Another Miami city official is in the crosshairs of an inquiry into alleged wrongdoing.
The Florida Bar is probing Miami City Attorney Victoria “Vicki” Mendez’s ties to companies involved in an alleged house-flipping scheme that targeted homes previously owned by incapacitated people or those who could no longer take care of themselves, the Miami Herald reported. Firms owned by Mendez’s mother and her husband purchased the homes at well below-market value, and then sold the properties for a profit, sometimes on the same day.
The bar investigation has been open since at least last April, according to a Florida Bar email obtained by the Miami Herald. However, in an email to The Real Deal, Mendez disputed that an official probe has been opened.
“The Herald has incorrectly and libelously reported the facts,” Mendez said. “The Florida Bar inquired about the lawsuit filed against me. Any review by the Bar is pending the outcome of the case.”
In February, Jose Alvarez sued the city of Miami, Mendez, her husband Carlos Morales and his company, Express Homes. Alvarez alleges he’s the victim of a “conspiratorial scheme to enrich the city attorney and her husband,” his lawsuit filed in Miami-Dade Circuit Court states.
When his family home was hit with $271,000 in building code violations, Alvarez alleges he sought help from Mendez, who referred him to Morales, the lawsuit states. Morales allegedly convinced Alvarez to sell the property to Express Homes for $205,000 in 2017.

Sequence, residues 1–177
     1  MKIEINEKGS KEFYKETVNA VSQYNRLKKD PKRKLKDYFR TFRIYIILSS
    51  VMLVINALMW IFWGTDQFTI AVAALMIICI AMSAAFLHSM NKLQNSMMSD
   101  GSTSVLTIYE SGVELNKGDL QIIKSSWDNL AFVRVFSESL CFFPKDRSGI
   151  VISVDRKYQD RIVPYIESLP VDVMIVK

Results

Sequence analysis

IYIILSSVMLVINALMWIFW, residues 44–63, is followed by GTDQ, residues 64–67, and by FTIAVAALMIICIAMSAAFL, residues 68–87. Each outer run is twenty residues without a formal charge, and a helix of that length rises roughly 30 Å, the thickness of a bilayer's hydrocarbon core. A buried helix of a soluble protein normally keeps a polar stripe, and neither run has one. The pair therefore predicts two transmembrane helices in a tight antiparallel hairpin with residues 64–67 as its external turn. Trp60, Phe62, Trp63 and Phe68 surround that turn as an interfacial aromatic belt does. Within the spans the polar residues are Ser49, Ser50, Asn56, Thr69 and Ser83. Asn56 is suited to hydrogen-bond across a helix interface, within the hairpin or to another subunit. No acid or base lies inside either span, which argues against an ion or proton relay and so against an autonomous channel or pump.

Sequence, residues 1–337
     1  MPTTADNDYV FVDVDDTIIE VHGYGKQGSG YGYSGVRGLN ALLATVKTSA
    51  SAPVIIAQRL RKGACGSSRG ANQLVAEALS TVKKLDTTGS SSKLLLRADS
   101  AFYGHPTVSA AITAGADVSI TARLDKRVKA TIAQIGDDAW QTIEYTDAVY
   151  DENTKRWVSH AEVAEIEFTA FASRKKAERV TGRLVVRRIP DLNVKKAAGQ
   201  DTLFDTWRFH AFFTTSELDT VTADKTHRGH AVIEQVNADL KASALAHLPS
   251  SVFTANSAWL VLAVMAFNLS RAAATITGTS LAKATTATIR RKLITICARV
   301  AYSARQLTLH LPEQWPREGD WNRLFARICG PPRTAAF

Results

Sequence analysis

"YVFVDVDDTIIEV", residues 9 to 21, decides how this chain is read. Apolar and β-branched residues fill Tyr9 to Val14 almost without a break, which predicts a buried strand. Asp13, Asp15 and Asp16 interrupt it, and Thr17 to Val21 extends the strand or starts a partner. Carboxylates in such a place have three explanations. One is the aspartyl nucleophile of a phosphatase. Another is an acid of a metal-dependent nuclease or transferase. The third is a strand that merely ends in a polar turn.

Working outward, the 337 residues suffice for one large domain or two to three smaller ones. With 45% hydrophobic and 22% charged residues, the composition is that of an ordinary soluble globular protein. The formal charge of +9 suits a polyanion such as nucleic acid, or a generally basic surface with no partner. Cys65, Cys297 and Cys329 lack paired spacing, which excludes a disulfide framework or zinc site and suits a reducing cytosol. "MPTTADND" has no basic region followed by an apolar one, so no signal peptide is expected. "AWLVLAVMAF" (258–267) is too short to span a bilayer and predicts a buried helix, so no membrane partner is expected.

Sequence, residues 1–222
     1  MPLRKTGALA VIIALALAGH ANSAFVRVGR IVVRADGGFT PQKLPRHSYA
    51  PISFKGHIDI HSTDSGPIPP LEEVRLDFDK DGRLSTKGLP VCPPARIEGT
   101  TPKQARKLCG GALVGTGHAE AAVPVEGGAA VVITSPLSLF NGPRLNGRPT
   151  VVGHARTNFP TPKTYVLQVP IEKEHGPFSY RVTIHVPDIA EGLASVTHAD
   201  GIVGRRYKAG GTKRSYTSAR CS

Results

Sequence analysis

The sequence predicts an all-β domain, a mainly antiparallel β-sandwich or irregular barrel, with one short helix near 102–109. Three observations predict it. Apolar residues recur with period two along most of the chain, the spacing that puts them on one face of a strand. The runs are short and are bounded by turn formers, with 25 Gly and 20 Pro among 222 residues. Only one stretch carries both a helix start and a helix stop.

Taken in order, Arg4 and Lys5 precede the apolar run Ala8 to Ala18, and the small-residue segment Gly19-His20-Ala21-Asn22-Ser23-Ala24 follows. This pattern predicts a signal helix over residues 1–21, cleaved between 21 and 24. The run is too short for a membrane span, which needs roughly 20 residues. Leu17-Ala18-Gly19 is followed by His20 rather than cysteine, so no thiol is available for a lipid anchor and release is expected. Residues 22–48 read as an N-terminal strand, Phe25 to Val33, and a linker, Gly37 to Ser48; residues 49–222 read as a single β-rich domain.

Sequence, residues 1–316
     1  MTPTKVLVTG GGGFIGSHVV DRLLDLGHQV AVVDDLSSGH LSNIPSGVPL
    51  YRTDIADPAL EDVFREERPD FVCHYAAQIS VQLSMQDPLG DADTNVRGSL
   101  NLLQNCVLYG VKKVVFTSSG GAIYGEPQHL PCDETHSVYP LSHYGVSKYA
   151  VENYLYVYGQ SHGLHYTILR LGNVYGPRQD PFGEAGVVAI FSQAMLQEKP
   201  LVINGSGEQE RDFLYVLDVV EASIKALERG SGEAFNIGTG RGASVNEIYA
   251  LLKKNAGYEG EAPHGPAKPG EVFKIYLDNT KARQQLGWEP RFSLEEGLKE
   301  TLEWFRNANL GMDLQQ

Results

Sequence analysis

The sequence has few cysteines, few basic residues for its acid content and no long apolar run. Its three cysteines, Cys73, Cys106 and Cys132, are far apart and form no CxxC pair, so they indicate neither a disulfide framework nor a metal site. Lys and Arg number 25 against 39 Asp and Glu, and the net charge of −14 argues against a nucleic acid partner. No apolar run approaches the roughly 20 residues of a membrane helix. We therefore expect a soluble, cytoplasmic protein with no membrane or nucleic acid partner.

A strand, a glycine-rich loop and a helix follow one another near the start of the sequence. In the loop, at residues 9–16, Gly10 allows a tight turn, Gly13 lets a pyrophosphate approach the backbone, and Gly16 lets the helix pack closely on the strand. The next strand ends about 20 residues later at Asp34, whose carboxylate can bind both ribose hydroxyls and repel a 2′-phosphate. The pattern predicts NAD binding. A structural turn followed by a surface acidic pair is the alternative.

Morales then fixed up the house, succeeded in having the code violations waived and sold the residence for $370,000 in 2018, the lawsuit states. In her email, Mendez alleged Alvarez’s lawsuit was “conjured up to harass my family and get me fired.”
The Florida Bar is looking into homes purchased by Express Homes as well as Gallego Homes from the Guardianship Program of Dade County, the Miami Herald reported. The latter company is owned by Mendez’s mother, Margarita Mendez. The non-profit Guardianship Program is charged with selling the assets of incapacitated people without any family in order to pay for their care.
Last year, Miami’s public radio station WLRN published an investigative report that chronicled how Express Homes and Gallego Homes bought the homes at large discounts and then flipped the properties for hefty profits.
Miami City Hall has turned into a magnet for public corruption probes. In September, then-Miami city commissioner Alex Diaz de la Portilla was arrested and charged with bribery, money laundering, official misconduct and other felonies. State prosecutors allege Diaz de la Portilla spearheaded a no-bid deal allowing Miami Beach power couple David and Leila Centner to build a recreational center in a city park.
Miami Mayor Francis Suarez is the subject of a handful of ethics and criminal investigations looking into his private side jobs that have made him a millionaire, as well as that he allegedly failed to report that he’s received free tickets to major sporting events.
— Francisco Alvarado